This weekend I’m testing out the beta form of Audio Damage’s pending chorus plugin, Fluid. One of the things I usually do when I’m beta testing effects is set up an automated three or four bar A/B project in Audiomulch and then run various permutations of the effect’s parameters and various input sounds to get a good sense of what the effect can do.

This is an example of that, an organ drone, run four bars dry then four bars through Fluid. And you’ll note, a pretty nice sounding chorus.

I then often proceed to fiddle about, to get a sense of how the effect fits in to a musical context. I start layering a few tracks and then layering other effects in. As I was doing this today, I set up a droning sound that I ended up listening to for a reasonably long time. I have three sound sources, the organ drone from above, a copy of it running at a lower pitch, and a sine wave that bounced between 400Hz and 440Hz every four bars.

The dry sound mixed sounds like this.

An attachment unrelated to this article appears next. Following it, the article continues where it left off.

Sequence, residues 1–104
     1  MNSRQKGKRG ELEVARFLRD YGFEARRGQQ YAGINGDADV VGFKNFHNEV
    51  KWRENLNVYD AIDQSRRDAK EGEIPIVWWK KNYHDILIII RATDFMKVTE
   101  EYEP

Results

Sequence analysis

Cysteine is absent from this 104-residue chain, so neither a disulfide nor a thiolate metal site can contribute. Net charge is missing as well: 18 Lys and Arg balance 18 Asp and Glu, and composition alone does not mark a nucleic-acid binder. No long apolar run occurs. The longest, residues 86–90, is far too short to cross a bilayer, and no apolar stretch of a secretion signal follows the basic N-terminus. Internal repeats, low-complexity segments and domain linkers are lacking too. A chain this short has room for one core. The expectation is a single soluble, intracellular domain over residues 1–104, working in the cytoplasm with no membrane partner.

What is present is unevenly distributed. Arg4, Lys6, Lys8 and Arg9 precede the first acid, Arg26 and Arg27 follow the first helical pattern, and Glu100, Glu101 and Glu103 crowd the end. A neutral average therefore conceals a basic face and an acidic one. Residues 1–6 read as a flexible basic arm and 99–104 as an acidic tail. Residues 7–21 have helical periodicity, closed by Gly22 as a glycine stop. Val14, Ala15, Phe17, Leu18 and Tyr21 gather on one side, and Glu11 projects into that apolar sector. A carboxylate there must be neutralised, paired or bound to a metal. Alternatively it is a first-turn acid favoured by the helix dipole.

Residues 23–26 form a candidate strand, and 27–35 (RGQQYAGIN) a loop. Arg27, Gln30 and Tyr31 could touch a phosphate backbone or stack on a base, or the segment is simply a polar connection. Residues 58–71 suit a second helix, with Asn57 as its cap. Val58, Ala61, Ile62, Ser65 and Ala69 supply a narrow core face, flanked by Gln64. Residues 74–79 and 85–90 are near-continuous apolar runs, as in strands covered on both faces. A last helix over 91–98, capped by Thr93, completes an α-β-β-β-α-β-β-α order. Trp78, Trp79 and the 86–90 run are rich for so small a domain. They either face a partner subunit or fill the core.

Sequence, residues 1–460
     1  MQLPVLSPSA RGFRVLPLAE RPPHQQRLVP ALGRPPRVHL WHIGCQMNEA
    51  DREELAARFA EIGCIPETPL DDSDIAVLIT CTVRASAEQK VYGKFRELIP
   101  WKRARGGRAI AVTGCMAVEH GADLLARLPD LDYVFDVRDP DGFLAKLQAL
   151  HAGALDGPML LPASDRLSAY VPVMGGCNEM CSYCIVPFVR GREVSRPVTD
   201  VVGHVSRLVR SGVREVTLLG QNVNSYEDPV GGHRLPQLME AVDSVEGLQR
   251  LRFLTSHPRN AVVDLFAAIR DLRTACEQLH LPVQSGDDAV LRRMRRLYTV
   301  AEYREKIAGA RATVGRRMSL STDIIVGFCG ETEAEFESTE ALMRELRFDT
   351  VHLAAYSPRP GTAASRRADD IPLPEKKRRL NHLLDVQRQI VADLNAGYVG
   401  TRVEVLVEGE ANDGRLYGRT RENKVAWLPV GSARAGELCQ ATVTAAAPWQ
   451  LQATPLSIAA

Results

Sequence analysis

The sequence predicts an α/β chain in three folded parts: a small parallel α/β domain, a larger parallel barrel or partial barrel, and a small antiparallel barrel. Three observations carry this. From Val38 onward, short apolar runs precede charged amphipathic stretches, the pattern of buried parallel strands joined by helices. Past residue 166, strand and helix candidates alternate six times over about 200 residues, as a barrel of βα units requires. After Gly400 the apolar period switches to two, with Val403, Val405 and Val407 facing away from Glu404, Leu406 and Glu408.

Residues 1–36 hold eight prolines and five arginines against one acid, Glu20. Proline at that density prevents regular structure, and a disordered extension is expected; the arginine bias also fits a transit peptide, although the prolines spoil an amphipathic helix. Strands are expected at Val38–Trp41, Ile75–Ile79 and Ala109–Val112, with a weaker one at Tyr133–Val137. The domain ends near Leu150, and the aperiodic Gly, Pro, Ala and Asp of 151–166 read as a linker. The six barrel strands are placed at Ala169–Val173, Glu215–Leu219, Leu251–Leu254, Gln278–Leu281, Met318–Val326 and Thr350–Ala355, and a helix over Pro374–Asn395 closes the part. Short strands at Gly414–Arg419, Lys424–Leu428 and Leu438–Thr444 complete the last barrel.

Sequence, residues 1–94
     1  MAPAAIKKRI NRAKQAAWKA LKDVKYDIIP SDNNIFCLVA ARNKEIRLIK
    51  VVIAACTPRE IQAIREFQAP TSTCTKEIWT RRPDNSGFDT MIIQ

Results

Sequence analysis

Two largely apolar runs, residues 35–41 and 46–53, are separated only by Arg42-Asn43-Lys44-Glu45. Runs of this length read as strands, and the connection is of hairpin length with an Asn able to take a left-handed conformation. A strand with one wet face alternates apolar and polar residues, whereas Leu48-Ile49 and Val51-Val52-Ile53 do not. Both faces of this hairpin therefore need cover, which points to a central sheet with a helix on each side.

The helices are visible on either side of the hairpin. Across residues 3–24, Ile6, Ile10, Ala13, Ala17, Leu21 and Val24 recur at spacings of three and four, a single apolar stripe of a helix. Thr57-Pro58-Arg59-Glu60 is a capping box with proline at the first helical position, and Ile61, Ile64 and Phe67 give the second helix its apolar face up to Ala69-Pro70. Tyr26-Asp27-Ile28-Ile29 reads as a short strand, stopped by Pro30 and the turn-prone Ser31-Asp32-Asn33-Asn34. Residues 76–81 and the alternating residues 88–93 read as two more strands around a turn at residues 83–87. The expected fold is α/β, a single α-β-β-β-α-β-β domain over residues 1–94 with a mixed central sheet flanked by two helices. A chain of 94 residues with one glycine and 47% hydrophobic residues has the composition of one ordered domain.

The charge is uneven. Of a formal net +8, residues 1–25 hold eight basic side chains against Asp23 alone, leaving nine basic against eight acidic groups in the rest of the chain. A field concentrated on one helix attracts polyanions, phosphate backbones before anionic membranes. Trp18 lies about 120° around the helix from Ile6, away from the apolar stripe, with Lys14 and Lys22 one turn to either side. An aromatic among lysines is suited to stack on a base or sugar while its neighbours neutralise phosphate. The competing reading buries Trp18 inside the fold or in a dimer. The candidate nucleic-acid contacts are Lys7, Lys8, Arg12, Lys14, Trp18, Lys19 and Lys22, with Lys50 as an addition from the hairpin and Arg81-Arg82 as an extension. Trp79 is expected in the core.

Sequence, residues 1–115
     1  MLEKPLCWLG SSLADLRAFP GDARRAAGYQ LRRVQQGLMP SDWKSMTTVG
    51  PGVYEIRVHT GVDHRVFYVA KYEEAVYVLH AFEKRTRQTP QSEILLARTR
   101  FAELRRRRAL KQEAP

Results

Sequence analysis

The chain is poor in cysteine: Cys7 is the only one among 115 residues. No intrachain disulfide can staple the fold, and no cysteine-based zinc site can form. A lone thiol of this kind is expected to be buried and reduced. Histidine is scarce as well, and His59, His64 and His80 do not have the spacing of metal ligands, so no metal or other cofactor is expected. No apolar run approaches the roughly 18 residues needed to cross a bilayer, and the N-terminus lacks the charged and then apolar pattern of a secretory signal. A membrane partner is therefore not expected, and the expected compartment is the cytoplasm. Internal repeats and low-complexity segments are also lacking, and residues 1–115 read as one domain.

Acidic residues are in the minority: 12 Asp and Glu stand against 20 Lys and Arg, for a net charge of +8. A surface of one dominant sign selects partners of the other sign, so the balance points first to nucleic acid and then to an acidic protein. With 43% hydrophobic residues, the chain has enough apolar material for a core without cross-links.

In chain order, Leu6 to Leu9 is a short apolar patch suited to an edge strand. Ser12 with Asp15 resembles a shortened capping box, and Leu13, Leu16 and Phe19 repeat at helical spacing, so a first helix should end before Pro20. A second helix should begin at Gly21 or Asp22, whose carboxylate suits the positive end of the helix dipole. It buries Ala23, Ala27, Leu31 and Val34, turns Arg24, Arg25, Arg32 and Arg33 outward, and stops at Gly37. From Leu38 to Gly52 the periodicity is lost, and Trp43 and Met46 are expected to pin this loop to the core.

Not changing the sounds at all, but sticking in some effects, it sounds like this.

The affected version, as it happens, employs only Audio Damage effects (sorry for the apparent shillery, but they really are the first things I turn to, because they are good, I know them inside out, and have them all). The organ drone was followed by Fluid, Pulse Modulator, and Dubstation. I created a second channel with the organ drone run dry. The third channel was the lower register organ drone followed by Fluid, and the fourth channel was the sine wave followed by Liquid, Audio Damage’s recently released flanger plugin.

The most immediately obvious change is the expanded stereo width, a common side effect of using modulated delays, and in this case, primarily caused by Liquid on the sine wave. More interesting to me is the creation of the pulsing upper harmonics, which if you listen to it closely sounds slightly like an attack heavy sound played in reverse. That sound, which feels to me like a separate voice in the mix, is entirely a result Pulse Modulator and accentuated by Dubstation, created by the effect’s distortion stage and complex amplitude modulation.

The original, dry sound gets dull quickly if you listen to it looped at length, but as a result of the added dimension and frequencies created by the effects, I found I could listen to it looped for a long time, despite it on paper being the same stretch of music.

Much of the SIGHUP way of making music is based on the method in this example, taking a single sound source and building as much of a complete orchestration out if its various affected copies.

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